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Mayors’ Council Looks for Regional Solutions to Flooding

In their first meeting, mayors from towns along the Rahway discuss ways to minimize future floods and repair damage from Irene.

At its first meeting, the explored political solutions to regional flooding problems.

Mayors of five towns along the Rahway River met in this week along with their town engineers as well as engineers from and to discuss ways to .

The discussion was regional in scope with officials looking to share the cost of changing infrastructure in their towns and surrounding municipalities to lessen the impact of future flooding. They discussed how the area’s geography and patterns of dense land development impact water flow. And, perhaps most importantly, they looked at how they could collectively exert political will to get state and federal funding and attention.

"We are always constrained by finance and time,” Mayor Daniel J. Aschenbach said. “The ideal thing would be to find initiatives that would regionally solve the problem.”

Aschenbach added a note of urgency: “This is the end of November. The further we get away from the flood, the less this becomes a priority."

Mayor Hugh Keffer echoed the need for regional solutions and said officials also need to set regional standards for those solutions. He said it was important to decide if infrastructure such as dikes should be built or rebuilt to 75- or 100-year standards, as those standards will decide the price tag.

“We have to decide what we want to build to,” Keffer said. “You can tell an engineer what you want and he’ll build it. He won’t tell you what it will cost—that’s the hard part.”

Keffer said understanding how development has impacted is key to controlling future floods.

“What would have met the standard 30 years ago will not work now,” Keffer said.

Union Mayor Joseph Florio and Millburn Mayor Sandra Haimoff noted that statewide regulations constrain the scope of repairs.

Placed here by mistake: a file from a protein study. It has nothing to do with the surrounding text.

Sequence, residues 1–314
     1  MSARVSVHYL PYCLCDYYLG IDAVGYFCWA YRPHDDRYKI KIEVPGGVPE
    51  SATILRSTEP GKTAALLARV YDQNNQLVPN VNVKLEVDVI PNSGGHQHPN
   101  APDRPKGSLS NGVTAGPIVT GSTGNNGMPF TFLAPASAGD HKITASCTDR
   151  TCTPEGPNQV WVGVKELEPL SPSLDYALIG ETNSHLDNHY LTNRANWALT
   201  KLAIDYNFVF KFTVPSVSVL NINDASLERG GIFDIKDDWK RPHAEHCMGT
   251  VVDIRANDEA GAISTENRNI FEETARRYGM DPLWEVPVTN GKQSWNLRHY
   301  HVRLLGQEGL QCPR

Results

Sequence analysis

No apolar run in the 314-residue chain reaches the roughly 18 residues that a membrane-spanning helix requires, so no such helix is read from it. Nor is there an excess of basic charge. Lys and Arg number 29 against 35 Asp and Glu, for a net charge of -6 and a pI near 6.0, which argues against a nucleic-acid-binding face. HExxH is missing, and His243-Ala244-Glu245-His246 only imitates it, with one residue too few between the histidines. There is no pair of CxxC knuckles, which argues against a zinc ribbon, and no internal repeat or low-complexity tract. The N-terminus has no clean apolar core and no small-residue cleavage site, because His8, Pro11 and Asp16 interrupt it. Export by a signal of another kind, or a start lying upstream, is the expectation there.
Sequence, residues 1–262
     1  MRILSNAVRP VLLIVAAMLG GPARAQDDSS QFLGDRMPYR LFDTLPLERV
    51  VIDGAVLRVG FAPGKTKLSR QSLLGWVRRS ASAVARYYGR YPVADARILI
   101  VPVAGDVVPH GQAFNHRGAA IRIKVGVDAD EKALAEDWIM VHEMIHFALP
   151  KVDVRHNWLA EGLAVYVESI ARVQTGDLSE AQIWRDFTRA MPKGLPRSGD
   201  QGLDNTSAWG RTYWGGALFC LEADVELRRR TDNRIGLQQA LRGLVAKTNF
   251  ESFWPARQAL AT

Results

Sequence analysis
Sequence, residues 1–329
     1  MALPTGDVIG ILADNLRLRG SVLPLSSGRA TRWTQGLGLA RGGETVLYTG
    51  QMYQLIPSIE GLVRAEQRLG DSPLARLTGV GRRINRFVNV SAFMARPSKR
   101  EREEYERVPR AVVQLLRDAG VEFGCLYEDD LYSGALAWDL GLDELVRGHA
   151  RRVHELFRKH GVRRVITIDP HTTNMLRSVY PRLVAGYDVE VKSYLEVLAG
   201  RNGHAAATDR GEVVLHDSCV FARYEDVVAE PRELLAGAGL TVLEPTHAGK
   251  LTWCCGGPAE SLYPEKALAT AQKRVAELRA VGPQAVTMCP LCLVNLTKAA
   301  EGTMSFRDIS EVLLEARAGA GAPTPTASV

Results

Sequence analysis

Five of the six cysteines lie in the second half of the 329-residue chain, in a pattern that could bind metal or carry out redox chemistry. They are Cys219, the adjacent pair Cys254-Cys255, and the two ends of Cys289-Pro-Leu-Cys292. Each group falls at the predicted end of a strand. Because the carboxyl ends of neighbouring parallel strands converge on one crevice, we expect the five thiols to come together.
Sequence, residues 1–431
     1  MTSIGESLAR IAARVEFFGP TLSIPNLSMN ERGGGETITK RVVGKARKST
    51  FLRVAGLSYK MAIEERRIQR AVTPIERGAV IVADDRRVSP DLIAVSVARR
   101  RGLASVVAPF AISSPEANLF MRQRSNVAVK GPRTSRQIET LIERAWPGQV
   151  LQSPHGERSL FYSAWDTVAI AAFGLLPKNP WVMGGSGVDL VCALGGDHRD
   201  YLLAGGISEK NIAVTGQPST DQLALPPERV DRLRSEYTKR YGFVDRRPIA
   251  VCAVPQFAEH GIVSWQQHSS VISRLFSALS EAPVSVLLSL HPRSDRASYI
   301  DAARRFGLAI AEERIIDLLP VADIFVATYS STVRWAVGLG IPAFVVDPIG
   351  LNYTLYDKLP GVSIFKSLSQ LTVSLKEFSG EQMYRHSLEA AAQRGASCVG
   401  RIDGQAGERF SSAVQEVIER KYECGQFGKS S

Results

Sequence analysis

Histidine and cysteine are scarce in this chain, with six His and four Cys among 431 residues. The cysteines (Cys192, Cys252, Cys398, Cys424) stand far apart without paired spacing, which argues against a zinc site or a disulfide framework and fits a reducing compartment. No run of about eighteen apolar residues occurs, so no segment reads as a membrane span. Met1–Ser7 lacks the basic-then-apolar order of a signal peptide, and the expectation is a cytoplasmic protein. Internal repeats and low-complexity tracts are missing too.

“If we’re saying we’re doing something bigger than 75 years, you’re going to have to deal with the DEP,” Florio said.

Leo Coakley, a consulting engineer for Cranford and Millburn,is also working with the U.S. Army Corps of Engineers, which is conducting a survey of water flow and drainage of the Rahway River and its tributaries in and near Cranford. The Corps, Coakley said, is looking at causes and effects of changes to waterways and areas where water collects. He emphasized that the Corps works with a strict cost benefit ratio, and said that it was up to elected officials to advocate the human toll of the storm.

“A hardship on people makes a community move,” Coakely said. “The Corps looks at dollar benefits. They don’t look at heartache.”

Coakely said engineers in Cranford are urging the engineers to include nearby reservoirs in their study, particularly the Orange reservoir in the city of Orange. Millburn has also approached Orange to seek lowering the level of the reservoir prior to a big storm.

“That’s the big one,” Coakely said. “That’s the one we have the most hope for benefit.”

Stephanie Gidigbi, an aide from the Mayor of Orange’s office, said Orange officials were amenable to working with the Mayors' Council to deal with flooding issues. In addition, she urged the Mayors to enlist their Washington representatives’ help. She recommended requesting a meeting with the Corps, commissioning a study and pursuing down the line funding. She said that the Army Corps of Engineers annual funding levels are set in February, and that it was critical for the mayors to act before then to impact projects.

Springfield Assistant Township Engineer Sam Mardini recommended pushing buyout programs for homeowners with properties near flood zones. While Proctor said Rahway had enjoyed success with such buyouts, other officials and engineers noted that the programs required willing sellers to be successful.

Shortly after the meeting, Keffer said that one piece of information revealed during the meeting particularly stuck out for him; the timing of funding for the Army Corps. 

“We put pressure on them and they get funding,” Keffer said, adding, “that’s what the political process adds to the value of this project.”

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